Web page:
Making a case for fashion of the past — Farmville nonagenarian hopes to bring back hats
Jane Crute, age 90, has watched countless fashions come and go over the years. Crute, who wears the nickname “hat lady” well, has launched a one-woman campaign to revive a style practiced religiously by Farmville women in days gone by — wearing hats to church.
“Women wore hats,” Crute said of earlier days in Farmville. “We all wore hats — and we always wore them to church. When I married Dave in 1952, we were wearing hats.”
Jane’s husband, the late David Crute, owned and operated Crute’s Office Supply at the corner of Main and High streets for 39 years and was also Farmville’s mayor from 1972 to 1998.
“I hadn’t meant to do it because I had four children, but I went to work in the store, too,” Jane said.
Mrs. Crute, who studied business at Longwood, took her job at Crute’s seriously. When the store decided to carry art supplies, she signed up for art classes.
“I decided I better learn about the art supplies if I was selling them,” she said.
Crute, the third of five children, grew up in Cumberland. Her father had a garage and sold cars.
“Daddy could fix just about anything,” she said. “One time he fixed an airplane and then went up in it to make sure it worked!”
All the women in the family, she added, wore hats to church.
“I had an aunt who never left the house without her hat,” Crute said. “She wore Sara Sue hats — they were one-of-a-kind. I still have several of them.”
Sara Sue was a designer for Miller & Rhoads Department Store. In bygone years when women wore hats and gloves, fashionable ladies sought out Sara Sue’s custom designs. Shoppers from all over the South would head downtown to browse Miller & Rhoads and catch up on the latest gossip in the Miller & Rhoads Tea Room.
“It used to be an event to go shopping in Richmond and have lunch in the Tea Room,” Crute said.
Crute remembers when hats — and sometimes gloves — were acceptable attire for the Woman’s Club meeting in Farmville.
“We wore them to the garden club, too,” she said.
At some point, Crute recalled, styles changed.
“I guess I stopped wearing hats when the hairdos changed,” she said.
Crute followed the prevailing styles until she witnessed an event five years ago.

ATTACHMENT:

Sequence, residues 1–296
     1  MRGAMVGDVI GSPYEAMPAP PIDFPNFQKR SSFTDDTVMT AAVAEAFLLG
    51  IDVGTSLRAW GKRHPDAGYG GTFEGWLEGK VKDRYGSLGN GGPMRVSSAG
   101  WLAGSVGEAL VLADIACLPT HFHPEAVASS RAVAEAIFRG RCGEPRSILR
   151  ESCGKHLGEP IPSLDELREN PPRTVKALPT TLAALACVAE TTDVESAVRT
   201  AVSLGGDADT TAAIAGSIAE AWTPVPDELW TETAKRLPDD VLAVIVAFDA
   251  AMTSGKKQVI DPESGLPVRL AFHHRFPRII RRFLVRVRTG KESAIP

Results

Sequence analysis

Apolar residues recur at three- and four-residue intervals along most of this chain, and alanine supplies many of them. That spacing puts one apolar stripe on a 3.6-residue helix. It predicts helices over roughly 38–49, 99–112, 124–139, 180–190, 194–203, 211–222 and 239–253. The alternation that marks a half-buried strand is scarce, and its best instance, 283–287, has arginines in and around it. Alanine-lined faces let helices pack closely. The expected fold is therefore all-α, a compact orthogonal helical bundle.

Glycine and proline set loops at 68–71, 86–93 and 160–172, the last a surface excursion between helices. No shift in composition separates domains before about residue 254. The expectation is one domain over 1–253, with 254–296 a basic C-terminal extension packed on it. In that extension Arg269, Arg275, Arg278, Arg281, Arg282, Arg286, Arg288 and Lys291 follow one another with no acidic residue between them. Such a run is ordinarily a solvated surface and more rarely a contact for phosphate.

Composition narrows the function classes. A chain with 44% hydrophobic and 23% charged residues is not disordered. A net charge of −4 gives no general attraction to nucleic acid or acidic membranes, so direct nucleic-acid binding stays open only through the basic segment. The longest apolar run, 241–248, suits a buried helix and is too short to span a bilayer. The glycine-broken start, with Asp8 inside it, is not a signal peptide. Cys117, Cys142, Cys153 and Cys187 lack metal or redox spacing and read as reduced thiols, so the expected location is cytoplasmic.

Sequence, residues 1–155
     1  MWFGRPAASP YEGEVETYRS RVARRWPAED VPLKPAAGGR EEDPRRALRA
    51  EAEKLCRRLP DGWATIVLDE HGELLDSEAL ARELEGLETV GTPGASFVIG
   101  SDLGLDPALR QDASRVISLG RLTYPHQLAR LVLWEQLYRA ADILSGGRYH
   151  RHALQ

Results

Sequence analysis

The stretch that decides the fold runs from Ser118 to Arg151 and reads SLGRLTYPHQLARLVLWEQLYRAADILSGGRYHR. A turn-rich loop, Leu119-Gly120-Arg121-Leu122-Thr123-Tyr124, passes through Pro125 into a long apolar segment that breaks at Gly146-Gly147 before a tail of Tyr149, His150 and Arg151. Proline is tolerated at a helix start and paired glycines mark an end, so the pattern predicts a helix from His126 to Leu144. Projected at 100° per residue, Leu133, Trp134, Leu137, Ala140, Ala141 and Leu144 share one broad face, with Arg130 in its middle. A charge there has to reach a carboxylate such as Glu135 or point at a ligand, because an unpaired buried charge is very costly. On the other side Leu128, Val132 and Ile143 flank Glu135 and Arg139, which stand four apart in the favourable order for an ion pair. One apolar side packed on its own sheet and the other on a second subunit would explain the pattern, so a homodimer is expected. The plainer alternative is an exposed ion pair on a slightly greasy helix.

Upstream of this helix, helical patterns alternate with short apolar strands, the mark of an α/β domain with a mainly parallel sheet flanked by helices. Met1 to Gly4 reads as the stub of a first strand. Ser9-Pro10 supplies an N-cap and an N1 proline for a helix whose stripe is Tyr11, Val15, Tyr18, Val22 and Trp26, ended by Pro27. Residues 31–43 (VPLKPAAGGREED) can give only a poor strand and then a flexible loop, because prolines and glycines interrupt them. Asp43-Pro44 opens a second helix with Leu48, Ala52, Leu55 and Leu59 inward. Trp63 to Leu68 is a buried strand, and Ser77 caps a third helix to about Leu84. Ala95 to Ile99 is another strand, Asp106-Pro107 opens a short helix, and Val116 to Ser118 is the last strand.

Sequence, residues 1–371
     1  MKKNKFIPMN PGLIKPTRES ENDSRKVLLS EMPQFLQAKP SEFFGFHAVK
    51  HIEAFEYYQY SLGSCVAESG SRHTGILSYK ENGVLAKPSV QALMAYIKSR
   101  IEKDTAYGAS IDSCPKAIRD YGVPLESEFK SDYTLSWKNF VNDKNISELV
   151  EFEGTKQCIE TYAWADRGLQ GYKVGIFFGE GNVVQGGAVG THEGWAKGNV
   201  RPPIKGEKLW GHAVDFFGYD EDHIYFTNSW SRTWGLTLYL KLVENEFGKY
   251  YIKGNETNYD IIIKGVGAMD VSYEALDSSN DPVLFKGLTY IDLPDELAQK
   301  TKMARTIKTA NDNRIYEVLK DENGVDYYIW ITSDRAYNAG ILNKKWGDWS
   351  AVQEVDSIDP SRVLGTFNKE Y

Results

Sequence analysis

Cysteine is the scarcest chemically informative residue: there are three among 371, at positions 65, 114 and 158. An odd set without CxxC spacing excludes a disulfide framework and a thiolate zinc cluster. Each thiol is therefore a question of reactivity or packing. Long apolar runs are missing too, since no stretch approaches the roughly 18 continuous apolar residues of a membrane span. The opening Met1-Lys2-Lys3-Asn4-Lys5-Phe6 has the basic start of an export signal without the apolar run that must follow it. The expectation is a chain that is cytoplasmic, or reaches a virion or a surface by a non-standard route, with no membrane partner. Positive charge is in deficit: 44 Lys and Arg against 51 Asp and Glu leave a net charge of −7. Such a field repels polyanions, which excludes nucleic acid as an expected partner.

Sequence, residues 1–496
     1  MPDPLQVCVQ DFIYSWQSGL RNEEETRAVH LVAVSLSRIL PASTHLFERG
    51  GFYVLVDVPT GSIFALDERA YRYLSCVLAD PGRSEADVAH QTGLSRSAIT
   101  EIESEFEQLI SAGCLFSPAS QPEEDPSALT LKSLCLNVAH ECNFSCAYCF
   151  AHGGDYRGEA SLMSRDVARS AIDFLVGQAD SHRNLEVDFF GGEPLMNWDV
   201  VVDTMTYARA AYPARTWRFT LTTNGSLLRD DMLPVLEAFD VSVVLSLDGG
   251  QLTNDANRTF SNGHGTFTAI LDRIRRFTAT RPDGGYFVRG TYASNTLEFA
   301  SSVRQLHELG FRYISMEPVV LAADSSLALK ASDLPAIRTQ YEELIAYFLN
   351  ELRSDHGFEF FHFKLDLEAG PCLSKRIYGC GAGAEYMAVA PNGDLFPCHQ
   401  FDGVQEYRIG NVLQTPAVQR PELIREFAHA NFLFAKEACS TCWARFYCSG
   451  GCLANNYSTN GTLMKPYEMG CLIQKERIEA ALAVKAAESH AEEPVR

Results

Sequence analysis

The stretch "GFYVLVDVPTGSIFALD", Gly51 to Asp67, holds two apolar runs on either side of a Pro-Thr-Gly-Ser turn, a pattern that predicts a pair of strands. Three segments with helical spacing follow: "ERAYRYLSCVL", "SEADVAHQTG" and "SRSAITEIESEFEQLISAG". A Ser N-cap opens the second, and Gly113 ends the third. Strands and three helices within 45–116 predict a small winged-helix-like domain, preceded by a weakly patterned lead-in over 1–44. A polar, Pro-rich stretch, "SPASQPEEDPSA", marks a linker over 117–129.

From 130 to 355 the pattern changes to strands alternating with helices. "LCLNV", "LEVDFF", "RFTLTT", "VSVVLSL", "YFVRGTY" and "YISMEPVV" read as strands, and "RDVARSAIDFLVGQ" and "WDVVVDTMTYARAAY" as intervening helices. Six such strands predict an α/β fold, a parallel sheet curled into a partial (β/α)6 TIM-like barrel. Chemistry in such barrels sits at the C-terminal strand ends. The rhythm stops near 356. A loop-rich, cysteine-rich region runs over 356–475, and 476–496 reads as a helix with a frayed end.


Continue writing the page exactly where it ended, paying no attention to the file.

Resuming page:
“It was the royal wedding of William and Kate that inspired me again,” Crute said. “The women looked so pretty coming into church in their hats.”
Crute decided to take hat in hand, then put it on her head.
“I had all these hats,” she said. “I decided might as well start wearing them. I thought, by golly, if I start wearing a hat every Sunday surely somebody else will pick it up.”
So far there have been no takers — until last Sunday, that is. Crute’s granddaughter, Ashley Crute, who recently took a position as associate director for the Longwood University Career Center, decided to try adding a hat to her ensemble for church.
“I loved trying on her hats and choosing just the right one,” Ashley said. “All of my grandmother’s hats have such stories and have really become what my generation calls her ‘statement piece.’”
Will the younger Crute take up hat wearing on a regular basis?
“I don’t want to steal my grandmother’s signature style,” she said. “But maybe I’ll start to make hat wearing a more regular thing!”
The Rev. Michael Kendall, pastor of Farmville United Methodist Church, also appreciates Crute’s “signature style.”
“Jane Crute is always a delight,” Kendall said. “Her radiant smile and glowing cheerfulness can make any day brighter. Some say the right hat make an outfit. I look forward to seeing Jane each Sunday; she always takes the time to bring both style and grace.”
Crute admits that it takes a bit of planning to choose just the right hat for Sunday morning.
“I start on Saturday night,” she said. “I check the weather to see if what I’m planning to wear is warm enough. The 8:30 service doesn’t give me much time to get ready in the morning!”
Over the past few years Crute’s hats have garnered comments and compliments from the congregation at Farmville UMC.
“At one time so many people were talking about the hats I was afraid they thought I was showing off,” Crute said. “It’s because I don’t want to look like everybody else — and I do believe you should dress for church.”
Crute was encouraged when she learned that a hat-making class is being offered at Red Door 104 in Farmville next month.
“I signed up for it!” she said.
Her reputation as the “hat lady” aside, Crute still believes in the old saying, “clothes make the man (or woman as the case may be).”
“How you dress does make a difference,” Crute said.
Fashion designer Coco Chanel concurs. She once commented, “Fashions change, but style endures.”
With or without hats, Jane Crute is living proof that it’s true.